Tagged with Coding
One of the things that I help companies with are code reviews. I love doing code reviews. It let’s me look at a large codebase with fresh eyes and help a company out with a set of recommendations for improving their process, teams and code.
The purpose of this new course is to show you some of the lessons that can be learned through code reviews. I’ve broken up the lessons into several parts:
I just read this blog entry for Michael Earls and it got me wondering. I am one of these neanderthals that has been coding since before I could drive. I see the value of “Patterns” as a common language to help solve problems, but I am not a huge fan of “Everything is a Pattern” mentality that peeked sometime in the late nineties. I was talking to Chris Sells one day about patterns and we came to the conclusion that patterns are great because they created a common language for stuff that we've been using for years. The problem comes in when a developer tries to fit every problem into the GOF patterns.
At the end of the day, we all use patterns, even if we refuse to call them that. Both extremes have their own problems:
This Outlook Add-In from MS Research and Maryland U. is particularly interesting. It may be a little more of than another consuption of extra CPU cycles in an age over-zealous animations, but I think there is something useful here. There is an intuitiveness to what they have in mind that is very useful.
It adds itself as an Outlook Add-In but doesn't take over any standard functions so don't be worried about what it will do to Outlook. Let me know what you think...
I have been spending a lot of time writing about technology lately. After a phone conversation with Tim Ewald, it got me thinking. During the first half of writing the book, I was working full-time writing ATL/C++ apps mostly and trying to get up to speed with ADO.NET at night. While my girlfriend minds, I don't really.
While in this phase of the project, I learned a lot about the technology and the class signatures, but it was very hard to grasp the big picture of the real problems that people will/are facing.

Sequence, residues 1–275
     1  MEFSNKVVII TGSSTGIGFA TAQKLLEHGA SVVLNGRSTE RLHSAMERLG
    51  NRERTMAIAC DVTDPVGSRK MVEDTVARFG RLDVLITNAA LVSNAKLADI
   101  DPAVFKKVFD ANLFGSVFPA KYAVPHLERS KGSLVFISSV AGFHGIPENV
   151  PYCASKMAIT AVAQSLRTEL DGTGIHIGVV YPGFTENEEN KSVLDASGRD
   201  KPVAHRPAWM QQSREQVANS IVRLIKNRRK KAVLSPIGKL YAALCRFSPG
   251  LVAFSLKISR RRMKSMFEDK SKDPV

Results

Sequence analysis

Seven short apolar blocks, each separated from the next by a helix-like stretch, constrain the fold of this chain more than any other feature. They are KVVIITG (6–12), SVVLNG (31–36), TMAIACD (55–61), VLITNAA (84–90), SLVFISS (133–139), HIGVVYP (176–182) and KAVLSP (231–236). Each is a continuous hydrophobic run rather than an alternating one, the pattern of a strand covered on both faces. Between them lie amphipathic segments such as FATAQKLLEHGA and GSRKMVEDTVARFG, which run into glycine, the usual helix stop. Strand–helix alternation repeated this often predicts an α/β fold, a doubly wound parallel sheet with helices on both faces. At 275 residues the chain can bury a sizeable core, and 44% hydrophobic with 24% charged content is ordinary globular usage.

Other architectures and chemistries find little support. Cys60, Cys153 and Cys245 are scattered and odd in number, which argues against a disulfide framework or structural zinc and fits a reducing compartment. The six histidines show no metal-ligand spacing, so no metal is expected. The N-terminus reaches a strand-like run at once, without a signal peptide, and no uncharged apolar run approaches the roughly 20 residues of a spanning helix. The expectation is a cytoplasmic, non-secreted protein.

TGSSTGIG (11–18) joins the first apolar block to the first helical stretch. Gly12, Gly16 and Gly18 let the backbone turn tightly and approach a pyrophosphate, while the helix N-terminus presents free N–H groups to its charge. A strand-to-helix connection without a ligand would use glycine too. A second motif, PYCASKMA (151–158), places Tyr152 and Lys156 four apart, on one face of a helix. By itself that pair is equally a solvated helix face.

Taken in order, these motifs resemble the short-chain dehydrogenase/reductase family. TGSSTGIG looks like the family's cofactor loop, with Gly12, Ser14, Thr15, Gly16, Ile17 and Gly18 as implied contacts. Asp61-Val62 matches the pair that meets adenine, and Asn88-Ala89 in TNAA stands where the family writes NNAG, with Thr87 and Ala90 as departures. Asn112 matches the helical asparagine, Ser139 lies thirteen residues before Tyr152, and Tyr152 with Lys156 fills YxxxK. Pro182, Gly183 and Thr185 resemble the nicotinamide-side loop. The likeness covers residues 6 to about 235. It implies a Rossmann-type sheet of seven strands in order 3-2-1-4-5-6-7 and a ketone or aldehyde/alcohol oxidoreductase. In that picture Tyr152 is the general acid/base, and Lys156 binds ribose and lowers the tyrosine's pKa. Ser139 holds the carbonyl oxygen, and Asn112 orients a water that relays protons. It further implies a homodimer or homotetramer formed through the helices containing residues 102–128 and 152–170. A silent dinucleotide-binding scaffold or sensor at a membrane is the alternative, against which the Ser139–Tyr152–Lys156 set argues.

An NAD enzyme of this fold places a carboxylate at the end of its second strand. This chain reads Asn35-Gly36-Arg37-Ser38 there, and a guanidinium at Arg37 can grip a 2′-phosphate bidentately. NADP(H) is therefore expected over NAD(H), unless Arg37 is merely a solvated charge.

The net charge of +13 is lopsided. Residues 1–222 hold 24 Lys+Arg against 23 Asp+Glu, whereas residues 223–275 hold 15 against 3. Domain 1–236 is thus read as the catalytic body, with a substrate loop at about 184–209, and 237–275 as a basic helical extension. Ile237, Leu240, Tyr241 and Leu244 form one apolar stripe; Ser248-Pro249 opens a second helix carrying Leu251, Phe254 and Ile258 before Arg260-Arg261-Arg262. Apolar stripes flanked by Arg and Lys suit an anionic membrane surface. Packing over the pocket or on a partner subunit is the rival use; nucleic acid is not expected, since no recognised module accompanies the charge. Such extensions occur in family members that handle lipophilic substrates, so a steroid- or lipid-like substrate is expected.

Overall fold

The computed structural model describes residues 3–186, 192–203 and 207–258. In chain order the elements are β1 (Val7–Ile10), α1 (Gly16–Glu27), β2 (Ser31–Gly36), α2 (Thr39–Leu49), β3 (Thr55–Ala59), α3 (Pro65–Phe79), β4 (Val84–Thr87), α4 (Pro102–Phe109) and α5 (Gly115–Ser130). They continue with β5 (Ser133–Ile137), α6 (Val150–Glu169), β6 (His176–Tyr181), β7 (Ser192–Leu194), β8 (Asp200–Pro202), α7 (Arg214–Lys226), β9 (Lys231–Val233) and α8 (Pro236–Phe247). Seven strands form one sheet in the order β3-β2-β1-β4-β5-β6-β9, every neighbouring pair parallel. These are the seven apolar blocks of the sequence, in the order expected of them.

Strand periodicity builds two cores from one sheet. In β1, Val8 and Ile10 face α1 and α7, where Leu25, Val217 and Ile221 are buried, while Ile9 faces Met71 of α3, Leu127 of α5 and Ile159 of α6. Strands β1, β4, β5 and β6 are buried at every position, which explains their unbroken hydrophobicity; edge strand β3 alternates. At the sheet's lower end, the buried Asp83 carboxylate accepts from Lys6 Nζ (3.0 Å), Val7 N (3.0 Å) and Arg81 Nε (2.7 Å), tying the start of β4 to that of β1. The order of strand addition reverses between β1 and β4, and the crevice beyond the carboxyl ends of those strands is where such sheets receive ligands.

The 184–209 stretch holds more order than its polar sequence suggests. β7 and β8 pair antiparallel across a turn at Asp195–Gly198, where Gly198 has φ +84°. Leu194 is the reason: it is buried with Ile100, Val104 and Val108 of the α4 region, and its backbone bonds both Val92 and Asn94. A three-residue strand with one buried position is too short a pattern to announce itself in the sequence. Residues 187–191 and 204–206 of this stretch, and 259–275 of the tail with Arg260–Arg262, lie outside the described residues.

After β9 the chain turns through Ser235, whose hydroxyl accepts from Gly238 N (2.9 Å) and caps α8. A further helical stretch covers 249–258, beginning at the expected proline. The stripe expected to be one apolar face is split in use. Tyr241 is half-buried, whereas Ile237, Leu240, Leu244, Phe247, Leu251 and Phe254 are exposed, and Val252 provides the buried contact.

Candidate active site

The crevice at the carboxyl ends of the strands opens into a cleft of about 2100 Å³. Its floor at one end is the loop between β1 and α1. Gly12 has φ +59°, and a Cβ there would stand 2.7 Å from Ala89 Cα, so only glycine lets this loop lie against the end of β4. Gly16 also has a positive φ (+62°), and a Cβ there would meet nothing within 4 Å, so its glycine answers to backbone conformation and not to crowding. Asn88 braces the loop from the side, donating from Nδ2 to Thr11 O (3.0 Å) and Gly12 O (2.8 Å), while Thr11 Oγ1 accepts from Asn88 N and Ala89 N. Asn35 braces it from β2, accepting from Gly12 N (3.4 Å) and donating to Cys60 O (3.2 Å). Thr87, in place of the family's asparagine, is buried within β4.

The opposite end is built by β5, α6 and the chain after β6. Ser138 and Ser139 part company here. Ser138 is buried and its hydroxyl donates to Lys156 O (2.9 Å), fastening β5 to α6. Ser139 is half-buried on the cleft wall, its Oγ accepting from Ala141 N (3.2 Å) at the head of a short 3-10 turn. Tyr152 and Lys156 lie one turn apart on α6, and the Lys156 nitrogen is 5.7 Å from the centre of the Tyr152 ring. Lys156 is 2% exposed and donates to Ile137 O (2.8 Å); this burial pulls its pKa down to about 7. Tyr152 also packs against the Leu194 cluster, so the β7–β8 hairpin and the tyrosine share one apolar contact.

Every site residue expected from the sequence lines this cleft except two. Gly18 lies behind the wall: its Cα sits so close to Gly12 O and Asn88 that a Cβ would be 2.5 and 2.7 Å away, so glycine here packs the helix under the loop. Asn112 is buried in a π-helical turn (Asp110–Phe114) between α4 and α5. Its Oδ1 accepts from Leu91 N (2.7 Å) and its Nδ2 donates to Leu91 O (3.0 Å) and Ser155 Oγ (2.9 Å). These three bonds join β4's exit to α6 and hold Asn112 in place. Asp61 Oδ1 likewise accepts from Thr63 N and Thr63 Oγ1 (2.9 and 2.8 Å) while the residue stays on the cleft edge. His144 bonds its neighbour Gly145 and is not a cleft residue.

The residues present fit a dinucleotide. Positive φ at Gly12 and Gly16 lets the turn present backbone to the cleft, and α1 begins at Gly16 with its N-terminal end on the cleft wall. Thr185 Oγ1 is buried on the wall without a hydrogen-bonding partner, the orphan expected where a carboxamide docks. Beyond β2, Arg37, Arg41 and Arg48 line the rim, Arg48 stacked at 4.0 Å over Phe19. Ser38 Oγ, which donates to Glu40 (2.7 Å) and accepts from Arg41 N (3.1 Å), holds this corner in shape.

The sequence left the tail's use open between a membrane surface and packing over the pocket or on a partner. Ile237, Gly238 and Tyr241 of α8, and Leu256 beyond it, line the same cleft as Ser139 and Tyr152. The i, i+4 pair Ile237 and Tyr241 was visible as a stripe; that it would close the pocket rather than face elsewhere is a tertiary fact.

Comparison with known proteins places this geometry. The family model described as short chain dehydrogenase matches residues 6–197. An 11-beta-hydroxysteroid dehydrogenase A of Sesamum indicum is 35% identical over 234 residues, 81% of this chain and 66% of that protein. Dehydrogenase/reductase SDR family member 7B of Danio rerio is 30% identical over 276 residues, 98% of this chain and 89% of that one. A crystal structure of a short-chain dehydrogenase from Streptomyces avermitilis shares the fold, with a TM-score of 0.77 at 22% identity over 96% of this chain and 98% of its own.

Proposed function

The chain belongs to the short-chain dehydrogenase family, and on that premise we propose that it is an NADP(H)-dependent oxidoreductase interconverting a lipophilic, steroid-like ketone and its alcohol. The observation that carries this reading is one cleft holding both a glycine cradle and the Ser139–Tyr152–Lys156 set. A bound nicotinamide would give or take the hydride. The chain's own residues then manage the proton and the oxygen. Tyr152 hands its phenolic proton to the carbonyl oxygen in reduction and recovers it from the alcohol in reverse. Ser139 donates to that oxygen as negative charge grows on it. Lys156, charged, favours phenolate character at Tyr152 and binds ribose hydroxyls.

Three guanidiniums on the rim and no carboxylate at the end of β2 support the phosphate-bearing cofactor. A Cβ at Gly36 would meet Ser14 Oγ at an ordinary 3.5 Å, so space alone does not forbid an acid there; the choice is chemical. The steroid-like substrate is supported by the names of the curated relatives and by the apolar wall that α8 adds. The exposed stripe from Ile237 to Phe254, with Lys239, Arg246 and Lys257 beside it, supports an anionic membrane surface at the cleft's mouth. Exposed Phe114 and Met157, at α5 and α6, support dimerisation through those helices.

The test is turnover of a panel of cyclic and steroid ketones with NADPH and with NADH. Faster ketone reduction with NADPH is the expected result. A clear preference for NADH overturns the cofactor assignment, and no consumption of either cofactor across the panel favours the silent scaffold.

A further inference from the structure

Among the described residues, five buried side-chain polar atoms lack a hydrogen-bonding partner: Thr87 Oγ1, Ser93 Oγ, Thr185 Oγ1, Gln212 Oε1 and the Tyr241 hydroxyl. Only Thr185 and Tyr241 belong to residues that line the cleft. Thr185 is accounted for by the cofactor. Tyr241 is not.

Soon after I got a full-time position developing a large scale .NET application. This really helped me appreciate the nature of the techology. I started to get really excited about how ADO.NET would help people solve these problems. Later on I started doing a tour of .NET User Groups to talk about ADO.NET and this was enlightening as well. People were asking me real-world questions that I did not always have great answers for. In the end, both of these experiences definitely helped me write a better book IMHO.
As a primarily .NET Guy, it has been fun watching from sidelines what Sun is trying to do for Java...
I've wrote a bit of Java here and there, but I could never find an IDE that was worth a dime. Sun seems to finally trying to address Java's biggest weakness, development tools. Sure, hardcore Java heads will tell me that I am a lesser man for not doing everything with the command-line. This thinking is even permeating .NET lately talks.
Sun has had a ten year head start on .NET. I wish they would have gotten religion about tools before. This is one thing I give MS a lot of credit for. As much as I bitch and moan about the IDE's of the last five years, they really have made me more productive. And that's what it is really about in the long run.
After seeing the story about Justin Frankel and his departure of Nullsoft, it got me thinking about code as self-expression.
I just spent the last week completing two projects. First, I re-architected http://wildermuth.com and I recreated TypedDataSetGenerator so that I could extend it. I learned a couple things about how much I like to write code.